The benefits of married parents raising their own children are so well-documented that they might be counted among the few absolute truths of sociology. Few sciences can claim to be so thoroughly settled. The perils of illegitimacy are so great that even hardcore statist liberals mention them nearly every time there’s trouble in the inner cities, as President Obama did when discussing the riots in Baltimore.

It’s also important to promote marriage to young people. For one thing, the longer they wait, the greater the likelihood that young women will give birth to children out of wedlock… at which point efforts to convince men to marry the mothers of their unexpected children can, sadly, prove more difficult than the young ladies might hope. Alternatively, we end up with both a horrific number of abortions, and the demographic backlog that does so much damage to our social and financial resources: not enough young workers. Also, if we acknowledge the clear statistical importance of encouraging families with more than two children, we can see those families need to get started on child-rearing fairly early in life.

This brings us back around to the question of why legalizing same-sex marriage would make it more difficult to encourage men and women to get married at youthful ages. The problem is that society has few resources beyond a special reverence for male and female marriage to deliver such encouragement.

The other obvious method would be cash subsidies from the government, particularly for families with children. We have many such programs, and there are occasionally proposals to dramatically increase family subsidies.

Of course, with legalized gay marriage, it becomes more difficult to target encouraging subsidies at male-female relationships (although given the nature of our big-bucks money-no-object deficit spending, there’s no reason to think subsidizing a comparatively small number of same-sex marriages would bankrupt efforts to get men and women together.)

Targeting subsidies at families with children doesn’t really work. When implemented poorly, such efforts end up subsidizing illegitimacy. Is it conceivable that our government would provide hefty support – through anything from tax credits to direct payments – for married couples with children that would be strictly denied to needy single parents, especially since they tend to be even more needy?

Furthermore, paying men and women off to stay together and raise their kids is rather demeaning, and it puts the cart far before the horse. There is positive social benefit to actively encouraging young men and women to marry before they have children. It’s clear that social trends have been moving in the opposite direction, driven by an arguably misguided perception that unmarried young people can easily afford comfortable lives in the modern high-tech world. (Obviously we’ve come a long way from young folks needing to couple up just to stay alive on a harsh frontier, but the difficulty of living alone with modest means has been greatly underestimated, especially when young people have trouble finding good jobs. Also, more people are living with their parents for extended periods, which isn’t getting us closer to the desirable social goal of new, stable family formation.)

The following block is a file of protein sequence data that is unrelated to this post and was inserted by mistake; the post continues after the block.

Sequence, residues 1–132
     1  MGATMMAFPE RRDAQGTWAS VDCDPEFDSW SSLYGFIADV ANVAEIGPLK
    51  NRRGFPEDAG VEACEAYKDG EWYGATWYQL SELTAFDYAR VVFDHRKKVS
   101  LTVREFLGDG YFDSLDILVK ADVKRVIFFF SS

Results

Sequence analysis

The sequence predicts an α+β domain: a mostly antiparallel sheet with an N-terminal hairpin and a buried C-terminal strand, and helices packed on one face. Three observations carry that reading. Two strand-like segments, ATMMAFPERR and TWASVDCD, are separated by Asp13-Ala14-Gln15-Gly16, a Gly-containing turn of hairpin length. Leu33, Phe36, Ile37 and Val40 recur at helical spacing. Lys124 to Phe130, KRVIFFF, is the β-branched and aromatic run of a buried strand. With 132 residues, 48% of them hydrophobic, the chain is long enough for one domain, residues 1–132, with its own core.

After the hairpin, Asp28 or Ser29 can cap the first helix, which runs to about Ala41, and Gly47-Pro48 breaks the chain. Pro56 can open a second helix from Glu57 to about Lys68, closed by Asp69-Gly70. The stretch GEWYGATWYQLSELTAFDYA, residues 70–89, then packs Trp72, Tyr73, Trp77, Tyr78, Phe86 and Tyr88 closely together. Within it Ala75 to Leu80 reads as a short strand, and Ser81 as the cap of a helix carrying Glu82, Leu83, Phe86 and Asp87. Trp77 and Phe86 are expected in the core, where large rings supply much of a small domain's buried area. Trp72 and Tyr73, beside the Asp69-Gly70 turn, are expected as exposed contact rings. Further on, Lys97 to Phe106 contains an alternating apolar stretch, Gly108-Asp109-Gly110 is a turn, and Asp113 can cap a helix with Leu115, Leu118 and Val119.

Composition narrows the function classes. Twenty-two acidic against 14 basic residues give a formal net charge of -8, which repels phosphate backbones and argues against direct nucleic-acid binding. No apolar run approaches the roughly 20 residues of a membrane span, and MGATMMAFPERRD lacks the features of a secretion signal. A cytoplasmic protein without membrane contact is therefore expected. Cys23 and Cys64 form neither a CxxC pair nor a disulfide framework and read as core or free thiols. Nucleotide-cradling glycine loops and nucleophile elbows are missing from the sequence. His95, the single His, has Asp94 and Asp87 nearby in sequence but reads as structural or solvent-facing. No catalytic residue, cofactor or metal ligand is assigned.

Imagine of the level of coordinated social energy poured into marginalizing opponents of gay marriage could be diverted into encouraging marriage and fidelity! Obviously we all agree that social pressures are very powerful, and not inherently wrong – we just disagree on how they should be directed. It sure does seem like a great deal of compulsive energy, including government force, is needed to get everyone on board with same-sex marriage, to the point of absolutely forbidding dissent and punishing resistance.

Contemplating polygamy brings us a long way toward appreciating why the traditional definition of marriage is important. We should all hope it’s true that redefining marriage to include any two people of any sex doesn’t make it harder to encourage young men to marry young women. We’ll soon enough hear a serious argument that redefining it to include any number of people doesn’t hurt people who sincerely believe coupling is superior.